Saturday, June 25, 2011

Black Pearl Market - The Art of Buying Black Pearls in the Tuamotus

I'm seated at a table in Makemo Atoll in the Tuamotu Archipelago in the middle of a lovely warm and sunny afternoon with boxes of small dark roundish objects in front of me, but my eyes are feeling like they are going to pop out of their sockets. I have been staring at hundreds and hundreds of shimmering black pearls in various luscious tones of greens, blues, champagnes, blacks, silvers and greys. There are round ones, oval ones, interestingly misshapen ones, and ones with circles embedded around them. There are small ones and, well, smaller ones. It's all relative. That's the problem. An 8 mm pearl is not so different from an 11 mm pearl. And a shiny one is not so different from, well, another shiny one. And I've been here for what seems like hours, trying to pick out the shiniest, the most interesting colored, the neatest shaped pearls. I'm not sure anymore when they all started looking the same. And it only gets worse when I begin to look for a match for a pair of earrings. By now I cannot tell whether one is worth $1000 or $1. I've lost sight of the forest for the trees. Or was it the trees for the forest? Or...

Okay. Refocus. Rethink my objective. Take a deep breath. And go through the piles again.

Such is the ritual of purchasing black pearls in the Tuamotus in French Polynesia, a paradise group of islands in the middle of the South Pacific. And it's a darn good time. Especially when you can walk away with some great finds.

French Polynesia's black pearl market got underway in the 1960's and has seen its ups and downs. At one time, there were dozens of pearl farms on almost every inhabited atoll of the Tuamotus, but at some point the market got so saturated that the price of pearls plummeted. The result is that there are now only a few family-run operations while some of the larger foreign corporate businesses have taken over much of the industry. We visited Dream Pearls, a larger family farm on Fakarava, just outside the town of Rotoava, run by Lulu Steiner. Lulu is a German Swiss man who came to French Polynesia 25 years ago where he met and married his beautiful wife Mimi, who runs the jewelry shop in town near the harbor.

The four year process of creating these beautiful cultured gems is absolutely fascinating. It begins on some of the smaller atolls where divers find baby oysters and sell them to the farms for 1 Euro each. Lulu's operation purchases 25,000 oysters every month. When these oysters get big enough, they are brought into the grafting houses, which are essentially wooden shacks on stilts just above the aqua colored lagoon's edge to ensure that the shells will spend as little time as possible out of water. Here, the shells are pried open. A nucleus (which resembles a white ball) together with a tiny piece of mantle tissue (the organ which secretes mother of pearl) from an oyster shell found in the Mississippi of all places, are then inserted inside the host oyster shell. The mantle tissue initiates the grafting process so that the oyster can now secrete the colored mother of pearl around the nucleus. The host oyster is made to believe that these organic matters are its own and continues to grow the pearl inside it for another 18 months. To complicate matters, the shells must be cleaned and disinfected every 4 months in a huge machine that looks like a commercial dish washer to keep parasites and bacteria at bay. This means that on a rotating basis, Lulu's staff cleans over 400,000 shells each each year, four times over the life of the oyster shell while growing its pearl. Pearls can grow on average up to 11 mm in size during this initial process.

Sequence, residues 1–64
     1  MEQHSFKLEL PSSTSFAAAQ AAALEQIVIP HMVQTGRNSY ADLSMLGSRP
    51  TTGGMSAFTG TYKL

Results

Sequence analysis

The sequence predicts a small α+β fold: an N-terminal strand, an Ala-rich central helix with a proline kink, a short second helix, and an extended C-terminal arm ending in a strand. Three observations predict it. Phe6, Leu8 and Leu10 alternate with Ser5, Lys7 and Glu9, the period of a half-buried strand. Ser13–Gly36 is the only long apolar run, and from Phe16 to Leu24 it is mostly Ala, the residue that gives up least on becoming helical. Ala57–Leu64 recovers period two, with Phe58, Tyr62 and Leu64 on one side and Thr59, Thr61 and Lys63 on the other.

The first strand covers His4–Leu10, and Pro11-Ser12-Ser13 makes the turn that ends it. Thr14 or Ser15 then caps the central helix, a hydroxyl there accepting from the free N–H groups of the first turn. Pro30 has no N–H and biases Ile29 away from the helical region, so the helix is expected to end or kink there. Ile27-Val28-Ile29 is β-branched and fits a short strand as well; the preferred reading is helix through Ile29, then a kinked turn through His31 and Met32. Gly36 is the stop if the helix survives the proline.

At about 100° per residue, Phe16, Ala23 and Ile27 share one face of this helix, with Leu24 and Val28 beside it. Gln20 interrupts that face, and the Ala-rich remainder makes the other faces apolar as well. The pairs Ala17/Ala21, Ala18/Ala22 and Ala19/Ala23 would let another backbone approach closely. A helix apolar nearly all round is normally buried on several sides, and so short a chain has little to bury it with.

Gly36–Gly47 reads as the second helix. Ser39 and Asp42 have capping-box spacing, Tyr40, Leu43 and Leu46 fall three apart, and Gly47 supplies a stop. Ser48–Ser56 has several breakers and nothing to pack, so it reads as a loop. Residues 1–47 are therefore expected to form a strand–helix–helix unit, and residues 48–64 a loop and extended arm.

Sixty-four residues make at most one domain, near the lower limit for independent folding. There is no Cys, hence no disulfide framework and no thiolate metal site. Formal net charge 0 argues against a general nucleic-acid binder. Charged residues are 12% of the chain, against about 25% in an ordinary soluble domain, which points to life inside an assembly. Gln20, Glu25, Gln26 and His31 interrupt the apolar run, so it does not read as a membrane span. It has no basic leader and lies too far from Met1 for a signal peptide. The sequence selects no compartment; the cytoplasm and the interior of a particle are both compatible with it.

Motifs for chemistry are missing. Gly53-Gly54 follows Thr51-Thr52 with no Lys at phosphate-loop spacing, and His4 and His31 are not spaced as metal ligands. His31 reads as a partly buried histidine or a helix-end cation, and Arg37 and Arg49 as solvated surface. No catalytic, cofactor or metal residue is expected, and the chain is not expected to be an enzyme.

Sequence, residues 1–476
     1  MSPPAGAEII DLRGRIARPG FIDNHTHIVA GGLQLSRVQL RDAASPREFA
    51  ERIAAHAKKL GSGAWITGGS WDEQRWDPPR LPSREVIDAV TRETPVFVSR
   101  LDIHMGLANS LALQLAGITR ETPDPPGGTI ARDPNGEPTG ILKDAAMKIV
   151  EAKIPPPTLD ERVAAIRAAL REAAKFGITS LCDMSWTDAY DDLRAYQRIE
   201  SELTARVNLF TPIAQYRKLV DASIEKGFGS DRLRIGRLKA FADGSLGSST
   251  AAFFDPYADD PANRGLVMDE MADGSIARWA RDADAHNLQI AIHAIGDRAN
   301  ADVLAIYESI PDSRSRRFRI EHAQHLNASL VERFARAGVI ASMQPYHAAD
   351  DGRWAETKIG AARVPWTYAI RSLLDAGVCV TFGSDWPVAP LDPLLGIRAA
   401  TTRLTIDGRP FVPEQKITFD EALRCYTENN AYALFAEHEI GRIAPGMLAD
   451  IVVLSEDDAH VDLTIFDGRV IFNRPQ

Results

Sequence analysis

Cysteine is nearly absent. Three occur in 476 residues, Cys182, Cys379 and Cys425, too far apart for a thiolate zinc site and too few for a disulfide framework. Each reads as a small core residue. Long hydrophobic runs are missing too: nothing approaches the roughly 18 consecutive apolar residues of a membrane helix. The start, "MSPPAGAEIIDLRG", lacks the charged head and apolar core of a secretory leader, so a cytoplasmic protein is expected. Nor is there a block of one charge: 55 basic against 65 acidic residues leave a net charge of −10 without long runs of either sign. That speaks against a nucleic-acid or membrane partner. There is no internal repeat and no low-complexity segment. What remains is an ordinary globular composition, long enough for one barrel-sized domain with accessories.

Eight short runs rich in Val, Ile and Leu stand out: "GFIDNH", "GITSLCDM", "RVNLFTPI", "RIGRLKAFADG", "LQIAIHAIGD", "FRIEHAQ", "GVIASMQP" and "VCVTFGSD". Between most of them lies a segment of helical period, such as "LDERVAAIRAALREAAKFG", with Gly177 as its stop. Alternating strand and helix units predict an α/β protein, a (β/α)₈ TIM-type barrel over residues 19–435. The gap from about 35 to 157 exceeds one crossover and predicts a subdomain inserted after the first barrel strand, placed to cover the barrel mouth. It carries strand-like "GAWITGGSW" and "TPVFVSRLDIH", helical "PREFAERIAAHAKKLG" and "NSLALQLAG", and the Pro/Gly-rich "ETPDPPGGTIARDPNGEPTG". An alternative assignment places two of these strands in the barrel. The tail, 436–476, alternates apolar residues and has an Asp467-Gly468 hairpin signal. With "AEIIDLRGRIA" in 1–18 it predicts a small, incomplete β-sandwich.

More and more, however, there has been a demand for larger pearls. And so the process continues, with expert grafters sitting in grafting houses for hours each day removing the original pearl for inspection. If the pearl is near perfect, and because the pearl can only grow to be as big as the oyster's nucleus, it will get put back into the oyster with a new larger nucleus for a second and sometimes a third graft. This was the process we witnessed. As the grafter pried open the shell, she inserts her long silver tool resembling what a dentist uses to test your teeth for cavities. When she pulls out what appeared to be a perfectly shaped round lustrous black pearl, I couldn't help but feel that I was witnessing a birth. And yet most of these gems went into the bowl that meant it was not perfect enough for a second graft. During the half hour of our observation, I saw only two pearls being reinserted for a subsequent graft.

There is a notion that larger black pearls, which have been grafted two or three times, may not be as organically sound since the layers may crack with changes of temperature. Lulu assured us, however, that at his farm, only the very best pearls get grafted more than once and thus are much more valuable. There is no doubt that Lulu takes great pride in his operation, and you couldn't help but feel his pearls were, in fact, top quality.